Bankrobbers: 16 Tons Tour @ Deeside Leisure Centre, Chester.
No longer quite so Bored With The USA, The Clash had been over there and got clobbered up with their engineer boots and retro suits. Sartorially, the Last Gang in Town now looked the business and, as a live act, The Clash took no prisoners.
‘London Calling’ had come out in time for Christmas, but no-one gave me a copy. Following disastrous A level results the previous Summer, I had eventually been dispatched to Merseyside, where I lived with my Granny Peggy at 39 Greenbank Drive, Pensby, Heswall, Wirral while attending the Sight & Sound College in Liverpool, where I was supposed to be learning to touch type. The ‘college’ was upstairs in a City Centre office building, not too far from Mathew Street. If I went to The Grapes at lunchtime, I probably would not return to the S&S for the afternoon session.
Swimming back there in memory, I remember a lad, one lunchtime, the image of Sid Viscious. He had the hair and the white tux, modelling the classic Rock’n’Roll Swindle look, like Gavin Turk’s Pop waxwork a dozen years later. This was in the pub in Matthew Street, within spitting distance of Eric’s, the punk club in a basement opposite the car park where The Cavern had been back in the days of The Beatles. He may well have been affiliated with Probe, the intimidatingly hip record shop where the late Pete Burns was a frightful apparition behind the counter.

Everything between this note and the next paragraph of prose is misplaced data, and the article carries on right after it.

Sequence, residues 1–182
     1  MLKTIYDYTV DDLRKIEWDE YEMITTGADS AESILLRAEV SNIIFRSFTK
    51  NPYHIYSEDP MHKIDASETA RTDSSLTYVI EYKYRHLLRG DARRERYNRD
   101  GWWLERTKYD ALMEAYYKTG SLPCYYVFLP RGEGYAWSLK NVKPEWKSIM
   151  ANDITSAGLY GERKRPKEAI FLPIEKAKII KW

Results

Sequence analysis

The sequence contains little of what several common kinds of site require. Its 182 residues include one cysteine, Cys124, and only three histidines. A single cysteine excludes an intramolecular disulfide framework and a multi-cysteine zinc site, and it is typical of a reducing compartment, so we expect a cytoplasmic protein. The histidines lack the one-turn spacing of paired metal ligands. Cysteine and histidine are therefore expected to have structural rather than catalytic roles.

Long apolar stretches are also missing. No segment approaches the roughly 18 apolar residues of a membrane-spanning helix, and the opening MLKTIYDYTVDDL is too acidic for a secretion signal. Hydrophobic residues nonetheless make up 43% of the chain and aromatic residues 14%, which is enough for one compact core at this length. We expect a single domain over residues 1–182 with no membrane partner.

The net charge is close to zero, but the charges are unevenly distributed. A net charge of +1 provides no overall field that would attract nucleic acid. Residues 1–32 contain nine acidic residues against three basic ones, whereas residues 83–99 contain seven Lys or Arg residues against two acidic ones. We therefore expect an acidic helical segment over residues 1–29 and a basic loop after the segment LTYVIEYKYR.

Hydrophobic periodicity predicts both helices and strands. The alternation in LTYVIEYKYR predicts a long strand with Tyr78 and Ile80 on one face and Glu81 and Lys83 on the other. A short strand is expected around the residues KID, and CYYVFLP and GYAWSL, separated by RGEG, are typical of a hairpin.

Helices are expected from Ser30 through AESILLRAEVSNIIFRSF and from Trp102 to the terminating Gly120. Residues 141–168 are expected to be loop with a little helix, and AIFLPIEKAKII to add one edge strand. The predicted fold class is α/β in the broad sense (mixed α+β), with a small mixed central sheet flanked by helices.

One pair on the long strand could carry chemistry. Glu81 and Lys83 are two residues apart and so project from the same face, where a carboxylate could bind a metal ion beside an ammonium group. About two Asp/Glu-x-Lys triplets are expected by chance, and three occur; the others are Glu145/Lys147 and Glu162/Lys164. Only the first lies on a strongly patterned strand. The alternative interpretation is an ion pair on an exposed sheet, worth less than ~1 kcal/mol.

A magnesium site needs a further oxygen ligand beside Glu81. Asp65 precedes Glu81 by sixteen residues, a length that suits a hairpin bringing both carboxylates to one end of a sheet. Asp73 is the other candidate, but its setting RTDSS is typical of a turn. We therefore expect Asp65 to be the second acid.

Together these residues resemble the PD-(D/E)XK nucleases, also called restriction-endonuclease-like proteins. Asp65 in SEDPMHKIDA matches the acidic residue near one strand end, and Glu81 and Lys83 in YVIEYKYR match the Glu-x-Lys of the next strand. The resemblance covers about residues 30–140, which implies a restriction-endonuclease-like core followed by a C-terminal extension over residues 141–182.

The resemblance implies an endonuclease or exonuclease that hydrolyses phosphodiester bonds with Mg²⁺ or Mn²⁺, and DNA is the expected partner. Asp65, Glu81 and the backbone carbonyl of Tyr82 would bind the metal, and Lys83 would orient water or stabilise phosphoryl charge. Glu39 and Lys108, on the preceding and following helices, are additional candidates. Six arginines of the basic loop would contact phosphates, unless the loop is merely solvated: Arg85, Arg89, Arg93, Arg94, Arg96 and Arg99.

Away from home as a grown-up, technically, dressed in my dead dad’s old suits and accompanied if not quite chaperoned by my cousins, Jayne & Lynne, driven by Jayne’s future husband, Dave, I was let loose on Liverpool. Eric’s is legendary, not least for its jukebox, which occupied a dingy corner near the coat room that frequently flooded and contained an amazing collection of crude, swampy rockabilly. Holly Johnson – shaven-headed, clad in furry cowboy chaps – was on the door!